Settle fees and taxes
After the transfer, you and the seller must pay the following expenses:
- Capital Gains Tax / Creditable Withholding Tax (whichever applies)
- Documentary Stamps Tax
- Transfer Tax
- Registration Fees
Notarize the Dead of Absolute Sale
To protect the contract from fraud, you must have it notarized. It makes the document public. More so, it can protect your property from third persons who might claim it in the future.
Seller turns over the original copies of the following:
- Transfer of Certificate of Title – (land) – Owner Copy
- Condominium Certificate of Title (condominium)
- Tax Declaration (Declaration of Real Property)
- Tax Clearance – (both land and improvement)
- Tax Clearance – (condominium unit and parking, if applicable)
Pay broker’s professional fee
Upon the legal transfer of the property to you, you can now reward your real estate broker for his hard work. Although there are owners who wait until the Certificate Authorizing Registration (CAR) that is obtainable from the Bureau of Internal Revenue (BIR) before they pay their real estate brokers, it is still up to your discretion.
The service fee or commission a real estate broker receives is around 3 to 5% of the property value.
Certificate Authorizing Registration (CAR) is a document that legalizes the transfer of title to a new owner. It serves as a clearance the seller paid all the right taxes.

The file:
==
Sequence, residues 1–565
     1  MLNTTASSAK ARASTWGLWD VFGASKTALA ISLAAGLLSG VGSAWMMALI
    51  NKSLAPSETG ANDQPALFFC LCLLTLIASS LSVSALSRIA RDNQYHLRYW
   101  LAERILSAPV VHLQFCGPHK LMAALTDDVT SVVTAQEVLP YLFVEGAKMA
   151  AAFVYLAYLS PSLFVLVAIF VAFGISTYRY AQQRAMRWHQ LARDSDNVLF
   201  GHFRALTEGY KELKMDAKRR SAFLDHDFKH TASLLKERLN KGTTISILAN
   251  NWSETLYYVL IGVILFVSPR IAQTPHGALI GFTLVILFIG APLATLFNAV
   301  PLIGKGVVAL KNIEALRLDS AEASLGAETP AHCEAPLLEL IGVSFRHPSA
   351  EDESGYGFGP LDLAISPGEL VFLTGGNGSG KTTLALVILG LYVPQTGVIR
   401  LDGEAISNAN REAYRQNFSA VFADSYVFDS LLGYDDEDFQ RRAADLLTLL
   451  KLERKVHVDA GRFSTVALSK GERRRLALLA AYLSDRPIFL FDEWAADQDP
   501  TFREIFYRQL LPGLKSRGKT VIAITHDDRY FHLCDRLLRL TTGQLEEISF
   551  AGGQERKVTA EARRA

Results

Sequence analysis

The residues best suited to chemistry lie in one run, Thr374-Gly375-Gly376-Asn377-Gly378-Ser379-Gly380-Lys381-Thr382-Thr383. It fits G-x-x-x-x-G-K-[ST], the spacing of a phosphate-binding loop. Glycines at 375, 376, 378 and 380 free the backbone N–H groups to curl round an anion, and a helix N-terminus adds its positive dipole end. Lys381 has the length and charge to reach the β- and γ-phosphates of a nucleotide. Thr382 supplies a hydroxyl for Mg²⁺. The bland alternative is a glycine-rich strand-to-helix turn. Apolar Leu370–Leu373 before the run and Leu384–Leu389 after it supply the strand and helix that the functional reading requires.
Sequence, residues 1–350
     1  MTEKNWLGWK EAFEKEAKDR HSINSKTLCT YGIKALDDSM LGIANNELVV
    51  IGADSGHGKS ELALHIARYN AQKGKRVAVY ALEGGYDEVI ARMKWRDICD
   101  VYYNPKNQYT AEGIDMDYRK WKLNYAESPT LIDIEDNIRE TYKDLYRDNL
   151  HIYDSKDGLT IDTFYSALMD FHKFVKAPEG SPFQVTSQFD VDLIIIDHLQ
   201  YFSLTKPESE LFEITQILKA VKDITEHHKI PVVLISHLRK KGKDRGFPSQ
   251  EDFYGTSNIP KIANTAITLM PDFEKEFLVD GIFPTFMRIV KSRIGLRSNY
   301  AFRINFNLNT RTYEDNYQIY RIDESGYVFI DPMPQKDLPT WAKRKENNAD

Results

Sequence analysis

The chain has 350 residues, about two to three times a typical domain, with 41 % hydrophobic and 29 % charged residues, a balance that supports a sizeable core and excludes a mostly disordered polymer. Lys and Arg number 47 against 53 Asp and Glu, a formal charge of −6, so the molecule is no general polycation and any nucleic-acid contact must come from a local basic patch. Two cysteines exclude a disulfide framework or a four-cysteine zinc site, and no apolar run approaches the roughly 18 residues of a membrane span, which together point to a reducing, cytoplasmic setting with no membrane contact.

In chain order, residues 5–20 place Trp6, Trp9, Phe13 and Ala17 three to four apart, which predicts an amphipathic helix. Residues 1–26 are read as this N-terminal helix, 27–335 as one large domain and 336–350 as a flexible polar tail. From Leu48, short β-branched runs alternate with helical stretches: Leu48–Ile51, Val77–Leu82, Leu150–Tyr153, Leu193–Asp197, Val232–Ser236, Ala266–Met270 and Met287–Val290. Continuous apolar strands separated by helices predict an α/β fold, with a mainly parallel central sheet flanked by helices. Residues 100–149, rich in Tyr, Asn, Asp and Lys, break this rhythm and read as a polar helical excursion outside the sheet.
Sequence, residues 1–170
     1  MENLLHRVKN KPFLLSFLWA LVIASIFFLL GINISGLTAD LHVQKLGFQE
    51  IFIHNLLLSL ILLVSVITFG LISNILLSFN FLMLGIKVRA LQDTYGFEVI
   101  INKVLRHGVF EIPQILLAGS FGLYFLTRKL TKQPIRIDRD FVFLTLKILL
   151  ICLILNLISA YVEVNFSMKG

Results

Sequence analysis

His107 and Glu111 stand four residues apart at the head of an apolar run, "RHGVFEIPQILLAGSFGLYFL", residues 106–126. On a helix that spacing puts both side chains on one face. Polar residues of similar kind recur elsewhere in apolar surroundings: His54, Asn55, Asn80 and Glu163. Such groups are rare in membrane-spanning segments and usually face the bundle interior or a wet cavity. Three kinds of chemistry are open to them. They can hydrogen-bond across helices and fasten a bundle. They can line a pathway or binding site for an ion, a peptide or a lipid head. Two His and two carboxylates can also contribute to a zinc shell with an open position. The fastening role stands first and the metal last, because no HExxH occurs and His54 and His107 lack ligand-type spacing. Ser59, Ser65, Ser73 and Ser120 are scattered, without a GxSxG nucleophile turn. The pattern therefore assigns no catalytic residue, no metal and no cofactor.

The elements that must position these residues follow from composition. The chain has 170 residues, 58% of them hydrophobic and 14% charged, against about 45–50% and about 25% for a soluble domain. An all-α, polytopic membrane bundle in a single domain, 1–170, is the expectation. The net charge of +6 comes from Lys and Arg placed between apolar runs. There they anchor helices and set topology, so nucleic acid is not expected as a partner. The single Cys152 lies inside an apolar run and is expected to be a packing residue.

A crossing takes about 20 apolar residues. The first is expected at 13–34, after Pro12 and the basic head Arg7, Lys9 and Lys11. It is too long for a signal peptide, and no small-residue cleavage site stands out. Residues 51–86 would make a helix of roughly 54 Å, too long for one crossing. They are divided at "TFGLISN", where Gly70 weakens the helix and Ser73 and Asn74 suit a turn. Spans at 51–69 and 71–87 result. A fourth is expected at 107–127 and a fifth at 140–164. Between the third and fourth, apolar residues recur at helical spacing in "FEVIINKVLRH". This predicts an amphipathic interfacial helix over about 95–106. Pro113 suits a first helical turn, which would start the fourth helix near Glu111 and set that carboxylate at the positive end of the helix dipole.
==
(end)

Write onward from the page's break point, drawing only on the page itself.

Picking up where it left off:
Broker processes the documents
Upon the release of CAR, your broker must handle the payment and processing of the following:
- Transfer Tax payment to City Treasurer’s Office (must be paid within 60 days of notary otherwise, the corresponding penalty applies)
- Business Tax to City Treasurer’s Office – if applicable (be sure to check with the City Treasurer where the property is located)
- Registration Fees to Register of Deeds
- Entry Fees – Register of Deeds
- Notarial Fees – Register of Deeds
The broker must also submit the following requirements to the Registry of Deeds:
- Deed of Sale
- Certificate Authorizing Registration with four pages Tax Clearance
- Original Transfer Certificate of Title / Condominium Certificate of Title
- Original Tax Declaration
- Tax Clearance – Real Estate Tax
- Certificate of Management (condominium)
- Certificate of Non-Improvement (vacant lot)
Issuance of New Tax Declaration
To process the new Tax Declaration under your name, a certified true copy of the new title and a photo of the purchased property are needed upon the release of new Transfer Certificate of Title / Condominium Certificate of Title. It is the last step of ownership transfer. Finally, it terminates the obligation of the former owner to pay property taxes for the house you purchased.
Real estate brokers can answer real estate questions that you deem important, spare you from tedious paperwork, and help fast-track the buying process.
What was your most memorable home purchase with a real estate broker? Share it with us in the comment section.